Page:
I mentioned it to my wife and she was really keen for me to attend. Overly keen actually. While she is prone to being genuinely nice at times, my suspicions were confirmed the following day when she dropped a comment on how she’d be planning for some trip away for herself in return. That ups the ante significantly, as not only do I have to worry about enjoying it, I then also have to worry about how much it will cost me afterwards. I’m not sure how it is for other husbands, but in these sorts of deals I usually seem to end up being well behind. (I remember one such deal where I got something so small and insignificant I couldn’t tell you what it was – and my wife got a trip to Japan for a week to visit a friend.)  I think I’ve talked myself out of it.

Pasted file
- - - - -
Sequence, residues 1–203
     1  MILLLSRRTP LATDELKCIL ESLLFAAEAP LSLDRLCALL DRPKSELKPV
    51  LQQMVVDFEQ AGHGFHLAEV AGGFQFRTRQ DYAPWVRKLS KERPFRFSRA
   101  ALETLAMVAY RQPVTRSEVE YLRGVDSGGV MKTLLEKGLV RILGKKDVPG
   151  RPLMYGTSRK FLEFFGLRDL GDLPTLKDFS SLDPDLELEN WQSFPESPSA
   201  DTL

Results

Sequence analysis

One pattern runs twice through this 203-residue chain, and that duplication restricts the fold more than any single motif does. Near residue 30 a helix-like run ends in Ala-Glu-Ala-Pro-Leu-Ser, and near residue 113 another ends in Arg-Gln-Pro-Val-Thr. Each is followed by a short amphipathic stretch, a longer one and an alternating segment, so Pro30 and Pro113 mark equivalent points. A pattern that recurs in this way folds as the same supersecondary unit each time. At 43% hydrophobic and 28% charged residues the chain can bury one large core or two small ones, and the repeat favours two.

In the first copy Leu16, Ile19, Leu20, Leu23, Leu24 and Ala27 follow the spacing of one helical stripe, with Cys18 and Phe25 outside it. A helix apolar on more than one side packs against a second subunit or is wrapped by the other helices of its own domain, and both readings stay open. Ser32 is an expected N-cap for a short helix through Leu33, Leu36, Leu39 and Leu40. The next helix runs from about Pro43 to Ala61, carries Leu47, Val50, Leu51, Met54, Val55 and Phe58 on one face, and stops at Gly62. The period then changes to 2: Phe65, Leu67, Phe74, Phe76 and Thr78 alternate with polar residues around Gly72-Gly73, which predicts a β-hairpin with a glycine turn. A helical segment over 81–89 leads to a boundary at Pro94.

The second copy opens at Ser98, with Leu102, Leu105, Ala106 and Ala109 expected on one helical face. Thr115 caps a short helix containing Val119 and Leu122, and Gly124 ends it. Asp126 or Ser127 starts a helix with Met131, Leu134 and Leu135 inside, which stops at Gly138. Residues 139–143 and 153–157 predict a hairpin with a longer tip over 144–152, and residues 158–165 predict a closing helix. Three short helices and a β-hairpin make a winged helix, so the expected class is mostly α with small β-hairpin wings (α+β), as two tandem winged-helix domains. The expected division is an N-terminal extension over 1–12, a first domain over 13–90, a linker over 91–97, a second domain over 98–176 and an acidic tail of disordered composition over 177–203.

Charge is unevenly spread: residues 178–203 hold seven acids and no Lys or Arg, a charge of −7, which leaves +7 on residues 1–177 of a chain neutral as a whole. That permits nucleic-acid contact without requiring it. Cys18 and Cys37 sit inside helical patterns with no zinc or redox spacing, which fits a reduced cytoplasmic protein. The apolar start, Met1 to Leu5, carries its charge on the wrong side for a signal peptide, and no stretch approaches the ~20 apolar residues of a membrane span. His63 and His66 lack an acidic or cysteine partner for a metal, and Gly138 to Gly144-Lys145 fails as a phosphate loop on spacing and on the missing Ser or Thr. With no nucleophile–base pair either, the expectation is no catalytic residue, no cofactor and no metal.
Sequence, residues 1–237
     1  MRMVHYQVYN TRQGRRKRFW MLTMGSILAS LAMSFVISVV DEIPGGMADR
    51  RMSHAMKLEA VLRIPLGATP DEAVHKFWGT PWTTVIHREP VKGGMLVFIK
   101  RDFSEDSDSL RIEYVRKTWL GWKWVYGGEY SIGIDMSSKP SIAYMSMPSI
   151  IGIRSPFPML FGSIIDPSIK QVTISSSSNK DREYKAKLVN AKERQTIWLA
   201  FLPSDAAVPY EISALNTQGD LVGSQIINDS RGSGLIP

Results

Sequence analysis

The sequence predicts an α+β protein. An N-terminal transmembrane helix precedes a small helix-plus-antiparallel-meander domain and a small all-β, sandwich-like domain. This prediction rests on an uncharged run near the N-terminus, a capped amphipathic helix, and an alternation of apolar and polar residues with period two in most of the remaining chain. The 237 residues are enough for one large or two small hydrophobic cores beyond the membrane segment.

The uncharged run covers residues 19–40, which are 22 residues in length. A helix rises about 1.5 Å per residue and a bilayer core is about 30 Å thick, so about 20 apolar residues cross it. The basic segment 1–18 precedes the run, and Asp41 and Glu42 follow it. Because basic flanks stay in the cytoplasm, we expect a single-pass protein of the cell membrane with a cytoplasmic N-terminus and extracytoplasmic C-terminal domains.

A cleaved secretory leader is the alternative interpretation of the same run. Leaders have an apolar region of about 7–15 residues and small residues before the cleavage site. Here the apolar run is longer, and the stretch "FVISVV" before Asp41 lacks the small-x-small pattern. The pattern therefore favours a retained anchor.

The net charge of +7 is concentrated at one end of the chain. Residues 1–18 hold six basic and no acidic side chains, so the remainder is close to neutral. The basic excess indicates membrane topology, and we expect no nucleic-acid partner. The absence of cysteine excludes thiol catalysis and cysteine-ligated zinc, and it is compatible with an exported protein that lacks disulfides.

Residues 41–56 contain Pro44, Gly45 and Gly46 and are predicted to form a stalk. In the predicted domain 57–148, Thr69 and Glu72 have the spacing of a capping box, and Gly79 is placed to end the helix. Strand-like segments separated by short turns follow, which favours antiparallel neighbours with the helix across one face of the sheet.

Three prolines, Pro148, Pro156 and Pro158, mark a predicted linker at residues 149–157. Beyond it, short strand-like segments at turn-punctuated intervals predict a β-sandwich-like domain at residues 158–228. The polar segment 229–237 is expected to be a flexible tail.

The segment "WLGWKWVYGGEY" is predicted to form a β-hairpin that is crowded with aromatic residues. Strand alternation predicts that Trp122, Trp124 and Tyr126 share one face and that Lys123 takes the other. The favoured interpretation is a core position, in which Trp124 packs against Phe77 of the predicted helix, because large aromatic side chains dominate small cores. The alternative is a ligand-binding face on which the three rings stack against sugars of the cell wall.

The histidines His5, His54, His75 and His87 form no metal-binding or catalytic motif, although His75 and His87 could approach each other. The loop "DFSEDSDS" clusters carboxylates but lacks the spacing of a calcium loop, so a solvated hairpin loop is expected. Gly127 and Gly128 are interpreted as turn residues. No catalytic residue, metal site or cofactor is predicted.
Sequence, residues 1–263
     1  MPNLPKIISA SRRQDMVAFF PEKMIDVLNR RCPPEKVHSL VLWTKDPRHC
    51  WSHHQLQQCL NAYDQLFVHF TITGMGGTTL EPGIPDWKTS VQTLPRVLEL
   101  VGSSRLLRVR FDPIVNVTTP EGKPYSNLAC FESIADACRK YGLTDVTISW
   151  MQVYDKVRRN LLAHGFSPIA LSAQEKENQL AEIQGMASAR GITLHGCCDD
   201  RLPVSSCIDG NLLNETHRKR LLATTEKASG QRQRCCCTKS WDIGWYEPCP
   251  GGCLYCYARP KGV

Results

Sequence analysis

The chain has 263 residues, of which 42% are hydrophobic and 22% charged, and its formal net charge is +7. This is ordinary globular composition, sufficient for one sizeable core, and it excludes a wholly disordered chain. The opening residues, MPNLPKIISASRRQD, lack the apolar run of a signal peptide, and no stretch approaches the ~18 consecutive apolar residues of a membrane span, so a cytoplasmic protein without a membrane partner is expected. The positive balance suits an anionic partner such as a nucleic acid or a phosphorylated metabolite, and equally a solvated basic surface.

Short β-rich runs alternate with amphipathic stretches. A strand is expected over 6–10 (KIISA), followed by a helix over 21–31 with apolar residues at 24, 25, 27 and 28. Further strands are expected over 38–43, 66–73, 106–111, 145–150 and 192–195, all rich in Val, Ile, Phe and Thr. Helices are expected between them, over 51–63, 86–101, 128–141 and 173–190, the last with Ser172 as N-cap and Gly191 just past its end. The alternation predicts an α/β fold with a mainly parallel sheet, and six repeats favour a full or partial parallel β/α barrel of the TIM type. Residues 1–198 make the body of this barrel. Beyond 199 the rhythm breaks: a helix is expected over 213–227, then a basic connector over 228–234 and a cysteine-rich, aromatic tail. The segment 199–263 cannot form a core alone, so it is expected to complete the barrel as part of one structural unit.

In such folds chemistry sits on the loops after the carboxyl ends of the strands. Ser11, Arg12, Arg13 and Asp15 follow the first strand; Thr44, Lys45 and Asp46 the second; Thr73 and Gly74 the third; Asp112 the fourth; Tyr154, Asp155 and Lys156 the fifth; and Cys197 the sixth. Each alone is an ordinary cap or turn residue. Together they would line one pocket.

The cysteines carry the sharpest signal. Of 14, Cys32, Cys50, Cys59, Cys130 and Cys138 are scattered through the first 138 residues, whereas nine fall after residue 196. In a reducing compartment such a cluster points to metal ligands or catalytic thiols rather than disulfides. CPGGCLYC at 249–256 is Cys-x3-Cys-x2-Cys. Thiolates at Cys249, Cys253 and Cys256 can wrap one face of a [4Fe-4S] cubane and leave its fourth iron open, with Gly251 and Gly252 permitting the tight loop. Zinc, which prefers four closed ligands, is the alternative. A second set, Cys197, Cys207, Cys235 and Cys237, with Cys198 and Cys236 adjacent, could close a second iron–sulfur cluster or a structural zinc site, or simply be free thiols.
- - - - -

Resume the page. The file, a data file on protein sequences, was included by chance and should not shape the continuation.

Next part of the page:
Everybody Shuffle it

I was home a day earlier than expected on the weekend due to heavy rain closing roads in an area I had planned to visit. Since my wife had assumed I wouldn’t be around she had already organised a social outing with the kids that I wasn’t expected to attend. I found myself home alone with no plans. How fortuitous!

I spent a lot of time playing EVE. I don’t have anything in particular of note to write about – I just wanted something mind-numbing and relaxing to do, so continued the process of moving my various Alts into the new home base. Shuffling so many characters, clones and various assets about gets complicated – trying to ensure I was storing the right ships with the right clones in the right stations.